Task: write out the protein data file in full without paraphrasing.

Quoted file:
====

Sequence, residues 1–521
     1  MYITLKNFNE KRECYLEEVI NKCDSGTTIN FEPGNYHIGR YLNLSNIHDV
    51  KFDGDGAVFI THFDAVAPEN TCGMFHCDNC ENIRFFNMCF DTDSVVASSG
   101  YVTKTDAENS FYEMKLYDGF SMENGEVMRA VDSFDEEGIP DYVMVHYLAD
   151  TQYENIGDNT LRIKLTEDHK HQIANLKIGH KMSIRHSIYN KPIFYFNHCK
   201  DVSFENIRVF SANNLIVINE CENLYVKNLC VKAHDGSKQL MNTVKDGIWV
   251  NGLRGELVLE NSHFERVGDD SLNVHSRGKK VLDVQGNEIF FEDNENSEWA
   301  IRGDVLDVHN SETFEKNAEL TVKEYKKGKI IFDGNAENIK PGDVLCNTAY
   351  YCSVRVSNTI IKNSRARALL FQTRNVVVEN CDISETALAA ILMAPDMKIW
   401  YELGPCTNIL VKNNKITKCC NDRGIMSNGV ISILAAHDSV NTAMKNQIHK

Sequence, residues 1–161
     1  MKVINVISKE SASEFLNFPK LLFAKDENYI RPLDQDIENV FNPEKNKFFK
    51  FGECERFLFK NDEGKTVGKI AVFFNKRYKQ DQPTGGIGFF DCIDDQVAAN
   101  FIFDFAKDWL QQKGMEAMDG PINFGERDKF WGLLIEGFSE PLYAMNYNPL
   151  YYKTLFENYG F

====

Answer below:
Sequence, residues 1–521
     1  MYITLKNFNE KRECYLEEVI NKCDSGTTIN FEPGNYHIGR YLNLSNIHDV
    51  KFDGDGAVFI THFDAVAPEN TCGMFHCDNC ENIRFFNMCF DTDSVVASSG
   101  YVTKTDAENS FYEMKLYDGF SMENGEVMRA VDSFDEEGIP DYVMVHYLAD
   151  TQYENIGDNT LRIKLTEDHK HQIANLKIGH KMSIRHSIYN KPIFYFNHCK
   201  DVSFENIRVF SANNLIVINE CENLYVKNLC VKAHDGSKQL MNTVKDGIWV
   251  NGLRGELVLE NSHFERVGDD SLNVHSRGKK VLDVQGNEIF FEDNENSEWA
   301  IRGDVLDVHN SETFEKNAEL TVKEYKKGKI IFDGNAENIK PGDVLCNTAY
   351  YCSVRVSNTI IKNSRARALL FQTRNVVVEN CDISETALAA ILMAPDMKIW
   401  YELGPCTNIL VKNNKITKCC NDRGIMSNGV ISILAAHDSV NTAMKNQIHK

Sequence, residues 1–161
     1  MKVINVISKE SASEFLNFPK LLFAKDENYI RPLDQDIENV FNPEKNKFFK
    51  FGECERFLFK NDEGKTVGKI AVFFNKRYKQ DQPTGGIGFF DCIDDQVAAN
   101  FIFDFAKDWL QQKGMEAMDG PINFGERDKF WGLLIEGFSE PLYAMNYNPL
   151  YYKTLFENYG F